‘…you should just hear him say “Sasanach” (Englishman), the concentrated hate in his voice is worthy of Drury Lane.’
Shaw’s clever and teasing reply was:
‘As an Ulsterwoman, you must be aware that if you bring up your son to hate anybody except a Papist, you will go to hell… You must be a wicked devil to load a child’s innocent soul with a burden of old hatreds and rancours that Ireland is sick of… You make that boy a good International Socialist – a good Catholic, in fact, in the true sense – and make him understand that the English are far more oppressed than any folk he has ever seen in Ireland by the same forces that have oppressed Ireland in the past’.
Foster unashamedly conveys how bourgeois the majority of the revolutionary leaders were, with the exception of notables like James Connolly. Foster conveys how many of the Irish bourgeois revolutionaries were, in a sense, rebelling against their own privileged and conservative backgrounds of ‘repressive tolerance’, characteristic of Edwardian Ireland.
Although Vivid Faces takes a narrow perspective on the mentality and social experiences of these privileged leaders, it does not discuss the experiences of the majority of the Irish population of the time and how they felt on the issue of nationalism; The book does not observe 1916-era culture and society from a working-class point of view. However, Foster seems to do this knowingly – he points out the bourgeois-nationalist nature of the revolution time and again, and notes the element of irony – even hypocrisy – at the fact that those who fought so long for national freedom from Britain were among the freest members of that generation, and of Ireland under British rule to that point. The revolutionary generation enjoyed more freedom within the press and the arts pre-1916 than they would under the newly established conservative Free State. The notion of slavery or freedom that bourgeois nationalists spoke of ‘would not have meant the same thing to’ Geraldine Plunkett’s ‘army of domestic servants and urban tenants’ for example.
‘But the dynamic power of nationalism trumped – as so often – a socio-economic analysis. In its pietistic aspects, it also trumped the secular, sceptical, pluralist instincts of the agnostics among the revolutionaries…’
Another strength of Foster’s book is his emphasis on the significant role that women played in shaping the revolutionary culture of the time (including the striking front cover of Muriel and Mary MacSwiney at Cathal Brugha’s funeral). The diverse egalitarian, pluralist, feminist, secular, Gaelic, republican, socialist, cultural nation of full suffrage that various women like Hanna Sheehy Skeffington, Countess Markievicz, Rosamond Jacob, Maud Gonne and others advocated is well noted.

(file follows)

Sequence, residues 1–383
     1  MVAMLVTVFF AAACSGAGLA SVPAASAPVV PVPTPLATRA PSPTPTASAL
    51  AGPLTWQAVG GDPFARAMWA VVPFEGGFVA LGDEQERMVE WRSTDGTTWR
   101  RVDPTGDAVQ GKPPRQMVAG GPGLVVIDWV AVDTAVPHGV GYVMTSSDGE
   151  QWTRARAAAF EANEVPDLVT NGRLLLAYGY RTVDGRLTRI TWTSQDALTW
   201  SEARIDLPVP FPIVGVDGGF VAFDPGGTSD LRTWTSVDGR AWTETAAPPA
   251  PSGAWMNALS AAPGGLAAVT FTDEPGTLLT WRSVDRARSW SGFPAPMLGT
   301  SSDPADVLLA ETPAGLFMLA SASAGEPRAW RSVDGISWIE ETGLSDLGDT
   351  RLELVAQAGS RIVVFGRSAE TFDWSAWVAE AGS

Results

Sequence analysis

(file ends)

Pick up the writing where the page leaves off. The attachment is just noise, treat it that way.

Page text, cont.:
Foster’s Vivid Faces is thoroughly researched and written, as one can see by its substantial notes, bibliography, and biographical appendix; it is acutely focused by use of original structures on which to base the narrative, such as the idea of the cultural environment and experiences of the revolutionary generation, and through his use of literary references like Easter 1916. Foster arranges all of this seamlessly, and it is hard to criticise the creative use of those ideas. However, one should not expect a broad or accurate overview of the political, economic and social reasons for the outbreak of revolution generally across Ireland during this period from Vivid Faces – though the book does not promise to do this. Rather it is the story of the idealism and the tragedy of the revolution and does not judge very much the events or people beyond that.
Vivid Faces is lacking a perspective on the feelings and motives of the general population – the working class of the period – and the seismic events of the 1913 Dublin Lockout are conspicuously not discussed. Thus it gives a highly detailed and colourful snippet of the generation, but not the whole picture. This is hardly a criticism of the book though as it unapologetically chronicles the contemporary bourgeois perspective of events. One should purchase Vivid Faces expecting as much. It is educational and vastly insightful in its own way. For anyone interested in the history of the 1916 Rising, and has a knowledge of the basic events and characters – which are ubiquitously available anyway – I recommend R. F. Foster’s book as a balanced and very insightful experience, and perhaps one of the best available.